• Jiji


A magnitude 9 earthquake off northern Japan could cause up to 199,000 deaths in the country as wide areas would be hit by devastating tsunamis, a Japanese government panel said Tuesday.

The central disaster management council called for additional disaster prevention measures, saying that the number of deaths could be reduced by 80% through early evacuation and construction of tsunami evacuation buildings.

In its latest quake damage estimates, the council's working group predicted that nine prefectures in northern and eastern Japan, most of them facing the Pacific Ocean — Hokkaido, Aomori, Iwate, Miyagi, Akita, Yamagata, Fukushima, Ibaraki and Chiba — would suffer significant damage if such a huge offshore quake happened in the Japan Trench or the Chishima Trench, also known as the Kuril Trench, in the Pacific.

The potential temblor would destroy up to some 220,000 buildings, with most hit by tsunamis, and cause economic damage worth some ¥31.3 trillion, including damage to infrastructure facilities, according to the estimates.

The council calculated estimates under varying conditions, such as the season and time of day of the quake's occurrence.

It projected that, in snowy, cold areas, damage would be greatest if a tsunami occurred late at night in winter, as the speed of evacuation would likely be slowed due to snow and icy roads.

The maximum 199,000 deaths would occur if a megaquake happened in the Japan Trench off the coast of the Tohoku northeastern region in winter late at night, allowing only a small proportion of residents to evacuate immediately.

The projected death toll is more than 10 times the number of deaths and missing people combined in the magnitude 9 quake and tsunami in March 2011 that struck northeastern Japan, which totaled some 18,000.

The death toll, however, could be lowered to some 30,000 if more tower buildings are built to allow people to escape from tsunamis and if people are able to evacuate quickly.

By prefecture, Hokkaido would suffer the largest number of deaths at some 137,000, followed by Aomori at 41,000, Iwate at 11,000 and Miyagi at 8,500.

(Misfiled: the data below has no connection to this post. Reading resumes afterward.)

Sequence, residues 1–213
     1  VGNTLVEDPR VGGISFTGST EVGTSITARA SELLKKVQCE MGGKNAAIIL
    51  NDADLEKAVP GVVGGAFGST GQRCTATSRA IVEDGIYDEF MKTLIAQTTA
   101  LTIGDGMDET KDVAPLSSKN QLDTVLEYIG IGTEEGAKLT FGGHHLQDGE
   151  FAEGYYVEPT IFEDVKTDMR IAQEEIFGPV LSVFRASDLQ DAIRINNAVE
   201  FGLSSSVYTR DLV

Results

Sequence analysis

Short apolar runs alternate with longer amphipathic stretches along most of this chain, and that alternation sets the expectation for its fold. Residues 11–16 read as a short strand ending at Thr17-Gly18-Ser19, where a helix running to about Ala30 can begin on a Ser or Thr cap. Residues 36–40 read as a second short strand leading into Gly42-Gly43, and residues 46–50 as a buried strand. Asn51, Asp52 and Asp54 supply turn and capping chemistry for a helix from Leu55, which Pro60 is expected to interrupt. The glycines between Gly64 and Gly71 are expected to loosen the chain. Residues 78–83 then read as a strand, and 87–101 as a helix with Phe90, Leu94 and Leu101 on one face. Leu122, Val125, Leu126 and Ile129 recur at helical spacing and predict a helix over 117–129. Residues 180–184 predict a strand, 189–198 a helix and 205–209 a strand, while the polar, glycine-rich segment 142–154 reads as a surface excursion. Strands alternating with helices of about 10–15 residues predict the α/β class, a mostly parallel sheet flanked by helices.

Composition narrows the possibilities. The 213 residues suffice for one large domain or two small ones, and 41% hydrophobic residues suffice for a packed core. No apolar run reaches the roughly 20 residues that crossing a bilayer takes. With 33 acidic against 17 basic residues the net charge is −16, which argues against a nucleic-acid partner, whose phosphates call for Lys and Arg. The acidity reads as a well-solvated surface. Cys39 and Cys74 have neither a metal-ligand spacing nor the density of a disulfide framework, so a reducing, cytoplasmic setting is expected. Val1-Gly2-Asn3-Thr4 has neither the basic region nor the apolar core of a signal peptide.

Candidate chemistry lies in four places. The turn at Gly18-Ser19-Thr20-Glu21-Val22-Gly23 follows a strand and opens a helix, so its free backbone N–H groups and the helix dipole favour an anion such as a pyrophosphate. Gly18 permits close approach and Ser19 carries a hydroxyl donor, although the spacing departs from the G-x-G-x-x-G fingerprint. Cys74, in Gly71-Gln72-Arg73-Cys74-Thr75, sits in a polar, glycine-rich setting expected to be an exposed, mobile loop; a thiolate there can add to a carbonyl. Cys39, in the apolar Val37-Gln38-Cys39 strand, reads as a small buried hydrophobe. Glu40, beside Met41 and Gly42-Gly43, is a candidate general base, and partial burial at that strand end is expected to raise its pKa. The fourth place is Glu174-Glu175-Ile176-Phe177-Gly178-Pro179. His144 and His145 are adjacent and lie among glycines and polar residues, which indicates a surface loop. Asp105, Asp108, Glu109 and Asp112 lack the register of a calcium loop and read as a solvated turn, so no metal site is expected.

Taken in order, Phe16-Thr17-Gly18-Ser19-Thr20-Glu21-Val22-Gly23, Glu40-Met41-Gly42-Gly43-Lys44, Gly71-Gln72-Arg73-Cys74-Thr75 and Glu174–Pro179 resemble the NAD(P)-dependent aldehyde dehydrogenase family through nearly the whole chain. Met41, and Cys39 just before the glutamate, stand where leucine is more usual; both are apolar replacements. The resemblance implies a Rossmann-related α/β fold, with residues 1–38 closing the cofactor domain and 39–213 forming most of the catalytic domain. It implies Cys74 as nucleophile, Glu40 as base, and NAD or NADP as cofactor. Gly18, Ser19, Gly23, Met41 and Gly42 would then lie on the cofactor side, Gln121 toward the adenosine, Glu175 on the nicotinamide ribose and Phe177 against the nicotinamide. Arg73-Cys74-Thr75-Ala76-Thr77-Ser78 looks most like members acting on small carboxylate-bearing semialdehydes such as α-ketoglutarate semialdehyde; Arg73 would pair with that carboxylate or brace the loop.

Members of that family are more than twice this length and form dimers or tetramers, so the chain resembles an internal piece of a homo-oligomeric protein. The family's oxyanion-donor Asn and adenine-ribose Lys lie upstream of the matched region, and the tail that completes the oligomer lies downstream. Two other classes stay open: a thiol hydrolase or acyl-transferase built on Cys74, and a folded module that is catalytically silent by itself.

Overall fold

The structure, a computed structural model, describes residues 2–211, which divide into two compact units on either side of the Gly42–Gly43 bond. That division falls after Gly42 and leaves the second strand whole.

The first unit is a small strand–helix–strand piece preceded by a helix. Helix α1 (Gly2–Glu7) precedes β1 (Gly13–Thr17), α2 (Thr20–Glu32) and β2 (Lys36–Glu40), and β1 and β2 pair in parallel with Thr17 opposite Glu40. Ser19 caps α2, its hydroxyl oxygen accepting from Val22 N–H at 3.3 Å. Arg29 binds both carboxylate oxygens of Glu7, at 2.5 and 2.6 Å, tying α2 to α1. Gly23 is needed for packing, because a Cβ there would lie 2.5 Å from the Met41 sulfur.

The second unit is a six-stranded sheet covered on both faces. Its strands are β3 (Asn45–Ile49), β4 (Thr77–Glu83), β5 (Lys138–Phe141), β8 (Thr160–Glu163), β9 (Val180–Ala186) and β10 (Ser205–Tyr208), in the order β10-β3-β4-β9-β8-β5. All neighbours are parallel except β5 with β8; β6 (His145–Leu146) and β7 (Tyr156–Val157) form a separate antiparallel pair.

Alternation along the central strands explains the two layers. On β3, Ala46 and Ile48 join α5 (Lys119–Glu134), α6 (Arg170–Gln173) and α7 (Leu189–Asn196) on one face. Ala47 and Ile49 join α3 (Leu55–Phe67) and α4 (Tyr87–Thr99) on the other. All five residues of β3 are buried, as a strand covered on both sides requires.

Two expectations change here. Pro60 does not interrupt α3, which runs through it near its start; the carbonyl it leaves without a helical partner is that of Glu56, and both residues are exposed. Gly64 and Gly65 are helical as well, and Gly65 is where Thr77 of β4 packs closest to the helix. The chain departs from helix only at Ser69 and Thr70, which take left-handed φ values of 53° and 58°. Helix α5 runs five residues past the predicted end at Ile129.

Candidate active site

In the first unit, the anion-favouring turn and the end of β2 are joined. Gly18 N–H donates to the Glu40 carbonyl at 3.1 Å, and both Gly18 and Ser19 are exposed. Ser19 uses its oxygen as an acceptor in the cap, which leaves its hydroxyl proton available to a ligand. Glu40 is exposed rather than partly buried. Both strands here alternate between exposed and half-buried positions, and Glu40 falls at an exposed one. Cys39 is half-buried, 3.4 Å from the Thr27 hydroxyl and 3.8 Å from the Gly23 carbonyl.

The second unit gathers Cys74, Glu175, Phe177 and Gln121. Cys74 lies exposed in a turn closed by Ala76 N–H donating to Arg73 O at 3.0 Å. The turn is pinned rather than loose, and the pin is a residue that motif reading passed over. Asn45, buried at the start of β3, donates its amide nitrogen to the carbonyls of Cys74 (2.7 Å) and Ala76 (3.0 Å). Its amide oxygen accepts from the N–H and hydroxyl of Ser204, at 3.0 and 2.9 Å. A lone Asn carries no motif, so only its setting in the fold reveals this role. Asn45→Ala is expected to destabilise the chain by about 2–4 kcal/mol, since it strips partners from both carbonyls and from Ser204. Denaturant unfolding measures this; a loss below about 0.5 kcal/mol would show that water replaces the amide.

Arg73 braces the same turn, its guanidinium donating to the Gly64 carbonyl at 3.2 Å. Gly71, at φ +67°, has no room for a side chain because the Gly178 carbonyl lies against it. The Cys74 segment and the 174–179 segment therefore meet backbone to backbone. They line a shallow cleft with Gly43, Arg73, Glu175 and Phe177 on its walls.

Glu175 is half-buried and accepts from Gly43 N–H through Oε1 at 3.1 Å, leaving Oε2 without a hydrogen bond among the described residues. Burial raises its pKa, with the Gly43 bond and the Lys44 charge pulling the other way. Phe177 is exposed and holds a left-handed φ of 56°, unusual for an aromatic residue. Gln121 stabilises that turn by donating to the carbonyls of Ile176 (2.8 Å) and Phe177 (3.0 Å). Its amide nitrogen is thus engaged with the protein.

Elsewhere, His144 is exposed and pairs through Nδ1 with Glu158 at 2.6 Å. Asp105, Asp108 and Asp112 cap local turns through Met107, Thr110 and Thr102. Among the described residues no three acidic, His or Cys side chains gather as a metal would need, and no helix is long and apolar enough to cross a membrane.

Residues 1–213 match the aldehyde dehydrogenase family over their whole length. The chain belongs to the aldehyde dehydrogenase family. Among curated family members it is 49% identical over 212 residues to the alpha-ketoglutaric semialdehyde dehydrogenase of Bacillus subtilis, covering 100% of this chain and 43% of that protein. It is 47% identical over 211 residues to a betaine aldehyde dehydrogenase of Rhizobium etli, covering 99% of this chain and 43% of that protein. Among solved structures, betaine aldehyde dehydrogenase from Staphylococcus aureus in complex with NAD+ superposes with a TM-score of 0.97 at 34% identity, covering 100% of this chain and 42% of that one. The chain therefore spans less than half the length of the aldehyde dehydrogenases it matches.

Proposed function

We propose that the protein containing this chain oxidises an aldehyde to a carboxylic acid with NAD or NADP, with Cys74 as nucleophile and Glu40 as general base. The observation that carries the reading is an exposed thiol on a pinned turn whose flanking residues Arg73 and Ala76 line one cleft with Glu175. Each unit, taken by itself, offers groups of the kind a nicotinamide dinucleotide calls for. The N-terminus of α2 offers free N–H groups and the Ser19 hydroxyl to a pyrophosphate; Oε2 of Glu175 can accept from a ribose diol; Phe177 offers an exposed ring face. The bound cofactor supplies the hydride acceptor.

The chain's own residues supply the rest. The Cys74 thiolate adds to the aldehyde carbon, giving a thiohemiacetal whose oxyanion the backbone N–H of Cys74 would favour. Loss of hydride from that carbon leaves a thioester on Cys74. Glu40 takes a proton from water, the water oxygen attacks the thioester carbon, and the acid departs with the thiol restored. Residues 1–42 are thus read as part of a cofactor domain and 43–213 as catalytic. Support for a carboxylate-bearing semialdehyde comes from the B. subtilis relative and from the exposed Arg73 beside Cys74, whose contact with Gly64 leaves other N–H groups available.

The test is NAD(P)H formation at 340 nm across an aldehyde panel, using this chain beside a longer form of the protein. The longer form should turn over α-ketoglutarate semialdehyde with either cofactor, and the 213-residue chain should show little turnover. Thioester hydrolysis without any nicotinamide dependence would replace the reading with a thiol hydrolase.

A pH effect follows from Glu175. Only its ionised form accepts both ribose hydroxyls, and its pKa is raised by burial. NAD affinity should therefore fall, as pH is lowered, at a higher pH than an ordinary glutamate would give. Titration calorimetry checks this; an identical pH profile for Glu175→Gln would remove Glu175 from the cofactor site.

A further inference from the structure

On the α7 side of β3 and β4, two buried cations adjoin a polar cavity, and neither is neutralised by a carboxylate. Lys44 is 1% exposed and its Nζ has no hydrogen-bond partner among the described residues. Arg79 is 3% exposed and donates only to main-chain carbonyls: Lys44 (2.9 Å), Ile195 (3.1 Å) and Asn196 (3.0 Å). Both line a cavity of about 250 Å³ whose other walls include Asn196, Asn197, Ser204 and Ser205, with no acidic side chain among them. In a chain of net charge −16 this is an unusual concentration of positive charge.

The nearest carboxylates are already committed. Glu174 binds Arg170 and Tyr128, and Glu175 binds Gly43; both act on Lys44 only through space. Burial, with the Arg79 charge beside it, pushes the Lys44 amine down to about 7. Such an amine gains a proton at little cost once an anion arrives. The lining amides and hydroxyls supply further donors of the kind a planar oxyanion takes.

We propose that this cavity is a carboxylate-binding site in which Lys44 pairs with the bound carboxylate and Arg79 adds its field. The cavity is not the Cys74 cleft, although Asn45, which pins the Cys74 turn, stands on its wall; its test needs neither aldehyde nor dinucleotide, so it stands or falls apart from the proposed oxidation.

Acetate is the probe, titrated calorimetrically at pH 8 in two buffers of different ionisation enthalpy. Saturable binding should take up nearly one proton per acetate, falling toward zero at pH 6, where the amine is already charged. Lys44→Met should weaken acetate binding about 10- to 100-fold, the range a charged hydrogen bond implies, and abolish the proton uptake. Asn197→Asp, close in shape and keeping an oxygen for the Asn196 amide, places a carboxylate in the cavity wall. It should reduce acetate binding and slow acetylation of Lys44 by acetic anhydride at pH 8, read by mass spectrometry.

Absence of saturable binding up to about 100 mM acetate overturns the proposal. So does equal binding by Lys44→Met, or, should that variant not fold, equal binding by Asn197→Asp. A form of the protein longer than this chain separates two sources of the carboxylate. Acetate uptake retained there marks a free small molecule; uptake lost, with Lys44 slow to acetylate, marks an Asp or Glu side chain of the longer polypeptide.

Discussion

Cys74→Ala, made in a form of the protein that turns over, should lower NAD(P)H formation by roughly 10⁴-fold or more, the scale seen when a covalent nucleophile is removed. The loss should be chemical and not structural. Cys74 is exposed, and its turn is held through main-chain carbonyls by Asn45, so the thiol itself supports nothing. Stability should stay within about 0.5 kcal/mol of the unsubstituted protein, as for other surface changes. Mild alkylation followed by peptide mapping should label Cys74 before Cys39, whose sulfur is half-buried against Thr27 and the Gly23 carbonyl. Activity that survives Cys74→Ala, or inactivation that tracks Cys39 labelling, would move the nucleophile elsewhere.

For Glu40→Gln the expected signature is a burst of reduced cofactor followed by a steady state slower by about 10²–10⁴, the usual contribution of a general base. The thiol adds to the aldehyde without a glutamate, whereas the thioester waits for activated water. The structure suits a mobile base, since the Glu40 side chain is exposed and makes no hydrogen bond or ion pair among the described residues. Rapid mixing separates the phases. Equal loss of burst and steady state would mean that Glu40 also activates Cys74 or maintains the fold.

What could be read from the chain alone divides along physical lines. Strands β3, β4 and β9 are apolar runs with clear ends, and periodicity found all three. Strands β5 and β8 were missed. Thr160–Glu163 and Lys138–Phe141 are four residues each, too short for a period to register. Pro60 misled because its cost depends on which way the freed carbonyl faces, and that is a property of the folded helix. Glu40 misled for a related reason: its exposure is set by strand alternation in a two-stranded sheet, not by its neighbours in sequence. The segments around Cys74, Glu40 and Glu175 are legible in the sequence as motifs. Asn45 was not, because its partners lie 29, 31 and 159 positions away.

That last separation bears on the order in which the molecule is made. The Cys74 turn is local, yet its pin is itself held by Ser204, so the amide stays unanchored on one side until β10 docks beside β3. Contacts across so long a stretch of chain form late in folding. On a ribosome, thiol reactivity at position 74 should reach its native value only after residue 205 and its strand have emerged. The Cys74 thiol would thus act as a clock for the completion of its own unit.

Up to some 22,000 people would be injured, while around 42,000 people would face a higher risk of death due to hypothermia after surviving a tsunami.

A megaquake in the Chishima Trench could cause up to 100,000 deaths, destroy 84,000 buildings and pose heightened hypothermia risks to 22,000 people.

"We'll work on disaster prevention and reduction measures, putting our top priority on protecting lives," disaster management minister Satoshi Ninoyu told a news conference, promising to secure more routes and buildings for evacuation.

In April 2000, an expert panel under the Cabinet Office suggested the possibility of a magnitude 9.1 quake happening in the Japan Trench off the Sanriku coast in Iwate Prefecture to the Hidaka coast in Hokkaido, and a magnitude 9.3 quake in the Chishima Trench off the Tokachi to Nemuro coast in Hokkaido.

Such quakes could cause tsunamis up to nearly 30 meters high to hit parts of Hokkaido and Iwate, the panel also projected.

Based on the projections, the central disaster management council's working group, including experts, considered the possible extent of damage in the event that a magnitude 9 quake hit the two trenches, respectively.

The city of Kuji, facing the Pacific Ocean, in Iwate Prefecture | KYODO
The city of Kuji, facing the Pacific Ocean, in Iwate Prefecture | KYODO

In 2006, the government estimated that a major quake in both trenches would reach a magnitude of up to 8.6, with the maximum death toll put at around 2,700.

However, after the March 2011 quake and tsunami inflicted damage far greater than expected, the government decided to review the 2006 estimates to take into account the biggest quakes possible.

The government has already revised its damage projections for a possible Nankai Trough megaquake forecast to occur off the Pacific coast of central to southwestern Japan and for a potential temblor that may occur beneath the Tokyo metropolitan area.

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